This article is outdated. We have already published a full review.
The Xperia S boasts a 12 megapixel camera, complete with a single LED light. Much like previous Xperia phones, the S uses a backlit Exmor R sensor for improved low-light performance.
The camera controls on the Xperia S are available on two taskbars on either side of the viewfinder. The left one holds four shortcuts to various settings, while the right one shows the still/video toggle, the virtual shutter and a thumbnail of the last photo taken.
The menu key brings up two pages of extra settings - scenes, resolution, smile detection, geotagging, image stabilization and focus mode and others. You can customize three of the shortcuts on the left (the shooting mode shortcut is fixed).
There're five capture modes to choose from: Normal, Scene recognition, Sweep Panorama, Sweep Multi Angle and 3D Sweep Panorama. In Normal, you pick the Scene settings manually or you can enable Scene recognition and let the Xperia S take a guess (it's fairly good at it).
The 3D Sweep Panorama is business as usual - you press the shutter key and sweep the phone from left to right and you get a panoramic photo in the end that can be viewed in 2D or 3D (on a compatible TV).
The Sweep Multi Angle was much more impressive - you take a photo in the exact same way, but the result is very different. It produces something like a lenticular card.
Tilting the phone left and right lets you look at the object from different sides. A shot of a moving object looks like an animated GIF or creates interesting distortions, which can be pretty funny too.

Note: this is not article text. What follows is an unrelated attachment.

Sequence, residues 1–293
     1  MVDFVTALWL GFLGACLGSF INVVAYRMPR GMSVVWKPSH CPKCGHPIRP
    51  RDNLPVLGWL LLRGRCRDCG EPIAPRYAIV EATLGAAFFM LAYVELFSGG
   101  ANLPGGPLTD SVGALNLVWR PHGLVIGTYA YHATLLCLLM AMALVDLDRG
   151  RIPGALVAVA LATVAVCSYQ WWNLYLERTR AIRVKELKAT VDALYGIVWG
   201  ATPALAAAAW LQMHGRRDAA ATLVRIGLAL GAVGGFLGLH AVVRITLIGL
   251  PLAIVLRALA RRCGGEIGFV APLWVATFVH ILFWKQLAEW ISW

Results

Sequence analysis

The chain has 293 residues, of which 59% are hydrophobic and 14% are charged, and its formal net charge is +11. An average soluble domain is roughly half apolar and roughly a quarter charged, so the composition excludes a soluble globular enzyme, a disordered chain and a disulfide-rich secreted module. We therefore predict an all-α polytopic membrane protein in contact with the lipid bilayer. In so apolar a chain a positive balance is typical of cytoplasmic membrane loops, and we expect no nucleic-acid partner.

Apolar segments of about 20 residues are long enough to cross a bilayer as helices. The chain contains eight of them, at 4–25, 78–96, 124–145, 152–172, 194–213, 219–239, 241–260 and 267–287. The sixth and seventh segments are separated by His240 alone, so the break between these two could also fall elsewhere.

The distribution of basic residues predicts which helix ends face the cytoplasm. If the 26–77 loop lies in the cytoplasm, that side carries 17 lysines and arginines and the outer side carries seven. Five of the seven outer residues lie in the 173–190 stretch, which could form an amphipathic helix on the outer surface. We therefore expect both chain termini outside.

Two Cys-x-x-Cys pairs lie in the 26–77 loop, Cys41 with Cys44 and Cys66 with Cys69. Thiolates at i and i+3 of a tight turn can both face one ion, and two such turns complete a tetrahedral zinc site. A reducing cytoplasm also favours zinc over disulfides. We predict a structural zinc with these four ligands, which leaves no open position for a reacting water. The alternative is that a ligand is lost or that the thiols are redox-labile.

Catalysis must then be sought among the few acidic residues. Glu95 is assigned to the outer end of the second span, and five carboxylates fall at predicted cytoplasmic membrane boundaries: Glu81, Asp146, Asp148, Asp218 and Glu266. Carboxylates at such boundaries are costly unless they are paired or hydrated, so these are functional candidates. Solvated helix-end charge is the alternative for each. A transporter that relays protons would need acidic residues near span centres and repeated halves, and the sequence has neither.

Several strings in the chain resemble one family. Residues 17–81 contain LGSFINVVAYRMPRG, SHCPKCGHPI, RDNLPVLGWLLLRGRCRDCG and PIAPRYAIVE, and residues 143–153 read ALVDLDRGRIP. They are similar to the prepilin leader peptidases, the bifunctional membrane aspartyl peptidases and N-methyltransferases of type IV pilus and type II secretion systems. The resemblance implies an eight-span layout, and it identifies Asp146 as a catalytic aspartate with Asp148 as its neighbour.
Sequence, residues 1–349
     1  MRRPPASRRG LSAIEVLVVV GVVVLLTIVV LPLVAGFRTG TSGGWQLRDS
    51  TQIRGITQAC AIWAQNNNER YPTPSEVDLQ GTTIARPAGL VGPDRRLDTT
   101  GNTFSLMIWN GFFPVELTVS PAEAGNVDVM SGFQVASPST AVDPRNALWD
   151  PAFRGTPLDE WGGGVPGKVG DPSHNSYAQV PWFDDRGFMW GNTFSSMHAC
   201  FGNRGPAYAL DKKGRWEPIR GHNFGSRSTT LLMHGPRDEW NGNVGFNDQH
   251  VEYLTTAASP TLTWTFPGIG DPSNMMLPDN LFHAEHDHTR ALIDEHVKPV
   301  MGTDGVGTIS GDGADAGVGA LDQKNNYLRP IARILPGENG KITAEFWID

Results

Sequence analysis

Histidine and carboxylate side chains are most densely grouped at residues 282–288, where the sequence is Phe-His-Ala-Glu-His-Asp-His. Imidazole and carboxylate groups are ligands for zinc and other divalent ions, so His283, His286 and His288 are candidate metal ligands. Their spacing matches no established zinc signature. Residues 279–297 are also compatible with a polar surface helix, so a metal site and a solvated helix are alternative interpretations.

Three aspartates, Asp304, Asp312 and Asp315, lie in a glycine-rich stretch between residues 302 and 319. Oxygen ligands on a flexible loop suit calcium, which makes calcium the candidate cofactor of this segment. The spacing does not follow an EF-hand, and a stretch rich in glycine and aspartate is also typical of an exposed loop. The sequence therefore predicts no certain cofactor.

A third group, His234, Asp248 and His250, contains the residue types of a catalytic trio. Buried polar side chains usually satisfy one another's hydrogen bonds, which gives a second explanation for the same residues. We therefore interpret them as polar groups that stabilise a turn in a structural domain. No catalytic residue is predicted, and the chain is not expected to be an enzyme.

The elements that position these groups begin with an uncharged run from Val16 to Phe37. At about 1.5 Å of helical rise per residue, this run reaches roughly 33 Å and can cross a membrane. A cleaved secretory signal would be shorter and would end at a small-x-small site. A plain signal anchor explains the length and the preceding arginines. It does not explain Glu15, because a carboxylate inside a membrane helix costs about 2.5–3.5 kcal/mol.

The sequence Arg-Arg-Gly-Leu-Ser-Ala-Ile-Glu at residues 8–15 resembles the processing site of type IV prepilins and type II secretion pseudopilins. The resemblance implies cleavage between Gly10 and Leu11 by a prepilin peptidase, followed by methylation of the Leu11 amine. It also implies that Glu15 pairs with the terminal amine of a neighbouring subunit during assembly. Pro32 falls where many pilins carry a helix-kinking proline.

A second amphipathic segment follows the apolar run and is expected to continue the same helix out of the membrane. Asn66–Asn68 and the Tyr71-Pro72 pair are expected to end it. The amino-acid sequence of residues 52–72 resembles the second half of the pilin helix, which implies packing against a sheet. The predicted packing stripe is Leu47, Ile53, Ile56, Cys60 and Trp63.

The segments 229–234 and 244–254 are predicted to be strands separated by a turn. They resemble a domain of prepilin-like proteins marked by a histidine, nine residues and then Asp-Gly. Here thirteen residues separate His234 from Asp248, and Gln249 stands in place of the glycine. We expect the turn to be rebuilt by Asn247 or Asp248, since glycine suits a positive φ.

There are some distortions visible even with a static scene, but it's still one of the coolest camera features we've seen in a while. Photos taken in Sweep Multi Angle mode are handled by a separate app called 3D album, and not listed in the regular gallery. And just to make it clear again - the Xperia S screen is not a 3D one.
The Xperia S features a Quick launch option, which lets you customize the phone's behavior upon a press of the camera key when the phone is locked. The default option is Launch and capture - it unlocks the phone, starts the camera and instantly snaps a photo.
It's hard to frame the shot right, but you can quickly take another photo, as the camera reloads quite fast. There's an option that just unlocks the phone and starts the camera, if that's what you prefer, or you can disable the feature completely.
We won't be delving into image quality, we'll leave that for a complete review. You can check out camera samples from an impromptu shootout between the Xperia S and the Nokia N8.
Here are four samples shot with the Nokia N8. Don't forget that you can open two photos at once and click to lock a particular part of shot (so that it doesn't move or zoom out when you move your mouse), which makes it easier to compare the images.
The Sony Xperia S captures 1080p video at 30 fps and does a very good job of it. The camcorder has similar settings to the still camera, including focus mode, metering, exposure value, image stabilization and so on. The layout of the shortcuts can be customized here too.
The Xperia S camcorder features continuous autofocus. It may take a few seconds to refocus after you re-frame but that's better than repeating attempts to lock focus that may ruin a video.
Videos are stored in MP4 format (14Mbps bitrate) and the frame rate nails the 30fps mark. The Xperia S videos come with stereo sound recorded at 128Kbps bitrate and 48kHz sampling.
Check out the 720p samples that we captured with the Xperia S:
If you want to look closer at the video quality, you can download this untouched sample 1080p@30fps, taken straight off the device.